The EU – China Smart and Secure Trade Lanes (SSTL) is a Pilot project between the EU and China which allows testing end-to-end supply chain security instruments and mechanisms in line with WCO SAFE Framework of Standards. It aims to reduce lead times and Customs procedures, and increase security in the supply chain through data sharing between Customs.

Schiphol is the only European airport which takes part in the pilot, which makes use of an encrypted data exchange platform developed and maintained by the WCO.

The project has already resulted in reduced clearance times and increased predictability in the maritime supply chain through close cooperation between Customs in countries including China, the Netherlands and several other EU member states.

The first import SSTL shipment arrived at Schiphol in December, and was flown by Air China Cargo and booked by Yusen Logistics, one of the participants in the SSTL program.

“This is an important pilot program, which will help reduce lead times and further secure the supply chain, and we are pleased to be taking part,” said Piet Boogaard, Regional Managing Director, Yusen Logistics Northern Europe.

“As well as benefiting from faster release of goods and more predictable delivery times, we are proud to be supporting the development of standards that will strengthen and secure supply chains.”

The Customs authorities of countries participating in SSTL, which include EU member states such as the Netherlands as well as China and Hong Kong, are working together to recognize and make use of each other’s inspection findings, share risk information, and develop secure communication channels to achieve this.

The first air freight shipment under the SSTL project was delivered in from Schiphol to Baiyun Airport in Guangzhou, China last May.

“We are glad that Dutch Customs is participating in this pilot project as this strengthens our ties with Shanghai Pudong International airport, our largest cargo destination, as well as Bayun airport, home base of China Southern airlines” said Saskia van Pelt, Director Business Development Cargo, Amsterdam Airport Schiphol.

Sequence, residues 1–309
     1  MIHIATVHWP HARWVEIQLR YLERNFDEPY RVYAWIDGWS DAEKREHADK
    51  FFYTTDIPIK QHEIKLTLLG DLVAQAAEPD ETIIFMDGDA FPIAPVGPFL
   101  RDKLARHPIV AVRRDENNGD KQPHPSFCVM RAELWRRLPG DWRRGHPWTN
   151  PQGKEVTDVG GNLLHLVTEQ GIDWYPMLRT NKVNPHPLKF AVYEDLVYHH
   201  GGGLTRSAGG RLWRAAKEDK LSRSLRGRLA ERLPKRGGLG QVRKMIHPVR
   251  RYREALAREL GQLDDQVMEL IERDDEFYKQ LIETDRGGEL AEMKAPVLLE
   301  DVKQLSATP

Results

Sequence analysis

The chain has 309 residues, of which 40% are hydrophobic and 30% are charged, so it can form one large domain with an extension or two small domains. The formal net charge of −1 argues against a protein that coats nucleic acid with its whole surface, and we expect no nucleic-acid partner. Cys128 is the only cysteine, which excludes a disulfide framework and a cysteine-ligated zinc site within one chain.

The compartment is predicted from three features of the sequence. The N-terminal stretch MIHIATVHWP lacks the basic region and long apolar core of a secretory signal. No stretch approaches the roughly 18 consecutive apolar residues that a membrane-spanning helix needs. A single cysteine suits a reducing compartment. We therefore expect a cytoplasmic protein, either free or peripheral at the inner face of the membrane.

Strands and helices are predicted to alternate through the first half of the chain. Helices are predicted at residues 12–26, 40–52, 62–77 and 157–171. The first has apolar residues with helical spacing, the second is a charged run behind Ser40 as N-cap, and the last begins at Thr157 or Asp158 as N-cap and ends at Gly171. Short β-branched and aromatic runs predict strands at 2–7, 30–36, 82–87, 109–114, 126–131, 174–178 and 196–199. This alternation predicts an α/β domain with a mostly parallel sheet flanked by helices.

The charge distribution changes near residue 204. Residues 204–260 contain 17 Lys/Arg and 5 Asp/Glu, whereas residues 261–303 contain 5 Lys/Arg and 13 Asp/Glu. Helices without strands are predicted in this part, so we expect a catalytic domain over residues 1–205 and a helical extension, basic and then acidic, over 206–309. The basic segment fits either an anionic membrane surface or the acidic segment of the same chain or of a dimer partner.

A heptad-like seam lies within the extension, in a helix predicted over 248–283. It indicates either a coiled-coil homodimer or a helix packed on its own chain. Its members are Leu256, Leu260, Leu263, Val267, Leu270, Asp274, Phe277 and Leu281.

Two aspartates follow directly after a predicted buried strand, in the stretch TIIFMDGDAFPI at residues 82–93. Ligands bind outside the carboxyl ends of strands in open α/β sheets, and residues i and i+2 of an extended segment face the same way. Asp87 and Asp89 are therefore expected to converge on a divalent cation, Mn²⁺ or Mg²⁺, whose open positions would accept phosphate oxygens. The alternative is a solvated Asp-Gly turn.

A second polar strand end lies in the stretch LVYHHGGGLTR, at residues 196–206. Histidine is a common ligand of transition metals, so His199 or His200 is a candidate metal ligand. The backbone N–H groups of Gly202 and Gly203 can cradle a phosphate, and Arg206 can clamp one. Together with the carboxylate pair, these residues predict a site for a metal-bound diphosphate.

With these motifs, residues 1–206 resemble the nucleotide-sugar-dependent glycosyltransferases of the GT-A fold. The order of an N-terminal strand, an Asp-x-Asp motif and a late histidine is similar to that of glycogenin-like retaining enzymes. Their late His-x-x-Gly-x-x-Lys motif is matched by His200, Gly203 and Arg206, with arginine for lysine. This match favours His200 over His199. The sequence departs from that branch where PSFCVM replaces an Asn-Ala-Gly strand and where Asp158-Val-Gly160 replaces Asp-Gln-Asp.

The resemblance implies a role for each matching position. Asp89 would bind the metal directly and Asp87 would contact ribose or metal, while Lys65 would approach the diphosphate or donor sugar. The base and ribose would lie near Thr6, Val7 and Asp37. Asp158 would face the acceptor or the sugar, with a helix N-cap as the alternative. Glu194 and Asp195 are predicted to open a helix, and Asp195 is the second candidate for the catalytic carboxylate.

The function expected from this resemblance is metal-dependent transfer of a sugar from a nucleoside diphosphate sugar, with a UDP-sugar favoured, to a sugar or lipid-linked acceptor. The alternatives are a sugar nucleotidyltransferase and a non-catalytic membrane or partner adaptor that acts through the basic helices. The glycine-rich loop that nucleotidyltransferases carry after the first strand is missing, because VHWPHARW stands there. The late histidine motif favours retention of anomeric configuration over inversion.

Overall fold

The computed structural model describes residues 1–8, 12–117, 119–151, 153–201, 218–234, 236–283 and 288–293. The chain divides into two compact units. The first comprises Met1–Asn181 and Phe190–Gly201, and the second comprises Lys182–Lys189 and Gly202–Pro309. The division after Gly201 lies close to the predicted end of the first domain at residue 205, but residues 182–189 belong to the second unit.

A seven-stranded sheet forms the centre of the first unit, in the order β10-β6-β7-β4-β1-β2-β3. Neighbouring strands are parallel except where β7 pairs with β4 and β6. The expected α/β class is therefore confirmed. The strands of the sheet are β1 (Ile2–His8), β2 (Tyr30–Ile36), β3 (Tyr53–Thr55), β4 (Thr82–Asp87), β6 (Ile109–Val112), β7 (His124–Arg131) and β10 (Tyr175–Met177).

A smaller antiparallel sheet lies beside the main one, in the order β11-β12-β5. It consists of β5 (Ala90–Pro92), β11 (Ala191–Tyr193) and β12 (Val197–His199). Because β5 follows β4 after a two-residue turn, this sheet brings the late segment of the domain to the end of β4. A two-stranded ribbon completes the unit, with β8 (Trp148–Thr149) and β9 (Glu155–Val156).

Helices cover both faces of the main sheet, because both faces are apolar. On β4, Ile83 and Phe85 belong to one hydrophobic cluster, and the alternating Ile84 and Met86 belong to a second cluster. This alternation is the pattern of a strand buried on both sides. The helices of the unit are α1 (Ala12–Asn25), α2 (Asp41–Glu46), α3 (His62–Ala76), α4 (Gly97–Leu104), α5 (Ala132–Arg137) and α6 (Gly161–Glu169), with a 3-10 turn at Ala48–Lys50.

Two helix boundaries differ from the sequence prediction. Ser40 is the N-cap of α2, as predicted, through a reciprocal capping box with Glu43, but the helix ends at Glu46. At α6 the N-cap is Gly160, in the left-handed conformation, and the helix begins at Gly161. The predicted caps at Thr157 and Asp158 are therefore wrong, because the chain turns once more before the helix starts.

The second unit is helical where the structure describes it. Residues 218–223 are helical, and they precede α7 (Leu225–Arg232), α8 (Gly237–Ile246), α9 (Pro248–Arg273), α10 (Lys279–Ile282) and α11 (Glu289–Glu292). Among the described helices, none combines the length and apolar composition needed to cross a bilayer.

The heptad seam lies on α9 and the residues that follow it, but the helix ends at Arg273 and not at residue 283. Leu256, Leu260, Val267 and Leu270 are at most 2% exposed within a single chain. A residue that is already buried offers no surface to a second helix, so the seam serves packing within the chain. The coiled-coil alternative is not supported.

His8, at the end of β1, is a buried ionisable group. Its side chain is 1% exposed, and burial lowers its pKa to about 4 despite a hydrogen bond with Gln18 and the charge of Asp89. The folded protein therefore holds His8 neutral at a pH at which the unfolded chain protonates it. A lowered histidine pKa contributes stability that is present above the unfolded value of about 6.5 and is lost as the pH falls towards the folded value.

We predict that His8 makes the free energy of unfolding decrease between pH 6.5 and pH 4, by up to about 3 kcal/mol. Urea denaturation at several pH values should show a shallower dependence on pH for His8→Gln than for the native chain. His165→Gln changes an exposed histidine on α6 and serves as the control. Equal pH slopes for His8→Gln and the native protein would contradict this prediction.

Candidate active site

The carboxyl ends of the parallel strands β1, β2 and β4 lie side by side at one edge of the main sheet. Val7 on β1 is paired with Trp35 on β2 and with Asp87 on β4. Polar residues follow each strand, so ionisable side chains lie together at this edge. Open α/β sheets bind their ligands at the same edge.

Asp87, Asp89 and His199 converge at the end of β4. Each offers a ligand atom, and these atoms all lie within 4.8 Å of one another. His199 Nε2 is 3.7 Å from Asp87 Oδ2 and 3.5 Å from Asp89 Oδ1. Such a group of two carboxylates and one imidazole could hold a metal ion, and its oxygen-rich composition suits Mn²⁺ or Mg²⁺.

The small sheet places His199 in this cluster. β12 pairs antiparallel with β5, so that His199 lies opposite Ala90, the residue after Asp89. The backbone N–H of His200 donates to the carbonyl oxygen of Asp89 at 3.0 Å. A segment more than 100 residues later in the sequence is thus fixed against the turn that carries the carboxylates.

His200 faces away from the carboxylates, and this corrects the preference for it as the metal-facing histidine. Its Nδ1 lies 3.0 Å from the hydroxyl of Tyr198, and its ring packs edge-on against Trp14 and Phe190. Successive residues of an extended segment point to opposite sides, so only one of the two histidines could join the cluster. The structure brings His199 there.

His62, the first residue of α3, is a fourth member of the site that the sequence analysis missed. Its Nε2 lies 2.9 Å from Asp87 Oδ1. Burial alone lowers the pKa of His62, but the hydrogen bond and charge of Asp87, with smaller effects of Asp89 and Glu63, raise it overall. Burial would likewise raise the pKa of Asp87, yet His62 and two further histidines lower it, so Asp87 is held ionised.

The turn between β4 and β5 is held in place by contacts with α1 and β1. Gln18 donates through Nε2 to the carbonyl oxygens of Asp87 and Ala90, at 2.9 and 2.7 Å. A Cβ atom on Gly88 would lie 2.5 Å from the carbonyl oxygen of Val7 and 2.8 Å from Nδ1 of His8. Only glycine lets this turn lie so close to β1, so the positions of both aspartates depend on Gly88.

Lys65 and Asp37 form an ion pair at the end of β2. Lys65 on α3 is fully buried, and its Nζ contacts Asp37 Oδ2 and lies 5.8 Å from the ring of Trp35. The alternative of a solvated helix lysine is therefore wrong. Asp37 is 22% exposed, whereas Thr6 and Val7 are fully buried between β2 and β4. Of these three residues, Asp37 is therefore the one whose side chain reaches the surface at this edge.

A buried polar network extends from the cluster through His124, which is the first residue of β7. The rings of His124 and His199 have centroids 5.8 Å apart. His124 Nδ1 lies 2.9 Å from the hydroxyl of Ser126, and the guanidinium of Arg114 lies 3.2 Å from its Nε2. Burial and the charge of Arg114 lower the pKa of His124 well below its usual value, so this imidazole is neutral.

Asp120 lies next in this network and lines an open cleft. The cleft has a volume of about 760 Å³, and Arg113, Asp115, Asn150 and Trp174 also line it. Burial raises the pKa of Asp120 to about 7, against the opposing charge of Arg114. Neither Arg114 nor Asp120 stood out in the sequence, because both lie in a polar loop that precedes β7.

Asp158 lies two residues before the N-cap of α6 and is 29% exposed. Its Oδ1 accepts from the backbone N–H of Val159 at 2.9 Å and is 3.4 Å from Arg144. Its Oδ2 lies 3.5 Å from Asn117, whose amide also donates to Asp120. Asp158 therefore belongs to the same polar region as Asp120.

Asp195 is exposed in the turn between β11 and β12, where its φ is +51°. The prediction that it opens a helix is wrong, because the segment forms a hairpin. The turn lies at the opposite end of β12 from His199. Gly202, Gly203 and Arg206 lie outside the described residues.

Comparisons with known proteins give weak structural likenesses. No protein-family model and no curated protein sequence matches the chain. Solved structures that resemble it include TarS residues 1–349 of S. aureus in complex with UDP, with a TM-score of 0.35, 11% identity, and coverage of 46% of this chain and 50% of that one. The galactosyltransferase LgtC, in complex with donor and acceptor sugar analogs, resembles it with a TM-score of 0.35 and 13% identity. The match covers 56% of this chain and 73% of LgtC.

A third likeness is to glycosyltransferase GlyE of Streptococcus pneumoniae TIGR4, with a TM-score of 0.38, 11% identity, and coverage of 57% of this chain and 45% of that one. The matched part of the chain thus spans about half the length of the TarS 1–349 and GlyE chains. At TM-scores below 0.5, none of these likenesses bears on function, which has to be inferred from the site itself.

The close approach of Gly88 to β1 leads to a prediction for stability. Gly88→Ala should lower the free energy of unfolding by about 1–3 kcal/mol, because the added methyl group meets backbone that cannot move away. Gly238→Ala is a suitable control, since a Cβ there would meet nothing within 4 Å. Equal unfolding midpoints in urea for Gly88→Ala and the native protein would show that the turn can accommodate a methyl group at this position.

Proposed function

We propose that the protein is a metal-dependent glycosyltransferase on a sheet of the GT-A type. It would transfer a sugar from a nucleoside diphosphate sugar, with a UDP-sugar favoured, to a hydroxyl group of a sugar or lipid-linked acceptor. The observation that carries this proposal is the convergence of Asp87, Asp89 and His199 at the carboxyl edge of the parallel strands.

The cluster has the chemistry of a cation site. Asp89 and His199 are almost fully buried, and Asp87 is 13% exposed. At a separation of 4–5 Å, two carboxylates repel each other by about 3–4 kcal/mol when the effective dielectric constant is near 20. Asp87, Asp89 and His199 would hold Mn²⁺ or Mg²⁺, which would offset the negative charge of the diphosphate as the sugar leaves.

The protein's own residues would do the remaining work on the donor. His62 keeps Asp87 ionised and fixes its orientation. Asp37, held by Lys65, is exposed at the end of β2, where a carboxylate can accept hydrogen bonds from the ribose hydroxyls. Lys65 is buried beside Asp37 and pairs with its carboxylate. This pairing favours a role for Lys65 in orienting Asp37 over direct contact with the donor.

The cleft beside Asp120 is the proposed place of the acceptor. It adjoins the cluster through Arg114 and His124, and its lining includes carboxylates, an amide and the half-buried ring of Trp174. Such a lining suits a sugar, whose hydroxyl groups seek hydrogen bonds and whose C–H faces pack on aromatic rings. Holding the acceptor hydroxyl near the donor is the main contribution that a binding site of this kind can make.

“The delivery of cockpit instruments in Bayun was on its way to a nearby aircraft manufacturer within 21 minutes of landing on Chinese soil, and once there it immediately entered the production process.

“Increased speed in the supply chain will ultimately benefit all sectors in countries participating in the SSTL program.”

Until recently, the project focused solely on maritime freight flows, but the scope has now been extended to air transport and more SSTL flight routes are expected to follow between Schiphol and Shanghai Pudong and Baiyun.

The Netherlands has been part of the SSTL programme since its launch as part of an ongoing commitment to strengthening its mutual trade relationship with China.

Ends

About Schiphol Cargo

Amsterdam Airport Schiphol is the third largest air cargo hub in Europe, moving 1.8 million tonnes in 2017.

Schiphol offers 525.000 m2 of cargo warehouses, of which 40 per cent have direct airside access. This includes facilities for perishables and pharma/life science cargo in multiple controlled-temperature zones, featuring refrigerated/deep-freezer and heated storage/handling facilities.

Over 150 logistics service providers are situated in the airport region, with over 50% of all American and Asian European Distribution Centres located in the Netherlands. Schiphol benefits from close proximity to the Ports of Rotterdam and Amsterdam and an unparalleled European road feeder and distribution network.

In March 2017, Schiphol and its cargo community celebrated the first anniversary of the launch of Pharma Gateway Amsterdam that offers a CEIV-certified, closed, and transparent pharma airport process.

To find out more visit schiphol.com/cargo

About the Smart and Secure Trade Lanes Programme

The Smart and Secure Trade Lanes (SSTL) Pilot is an international proof of concept project to test safety and security related recommendations in the World Customs Organization (WCO) SAFE Framework of Standards1.

SSTL aims to combine enhanced security and reduce the administrative burdens in international supply chains by introducing a control mechanism for participating companies with known low risk consignments.

SSTL focuses on granting tangible benefits to participating companies.

Our story

How can we do it smarter?
We ask ourselves that question. Constantly. Repeatedly.
Because asking it takes us further.
Asking it ignites innovation.
And fuels collaboration.

But when you aim to be the smartest air cargo hub in Europe,
you don’t just ask yourself that question. You ask others, too.
Because air cargo isn’t a domain of one.
It’s the domain of many.
Only when every link thinks together,
can steps become leaps.
So that we can all move forward.

That’s why we start collaborations.
Why we share information and inspiration.
And engage in dialogue with the government.
It’s the reason we challenge our cargo community to work on even smarter,
more transparent and more efficient cargo processes.
That’s how we make our name in the world.
And that’s how we work for your business, our business, and the Netherlands as a whole.

Want to find out how to make your cargo processes smarter?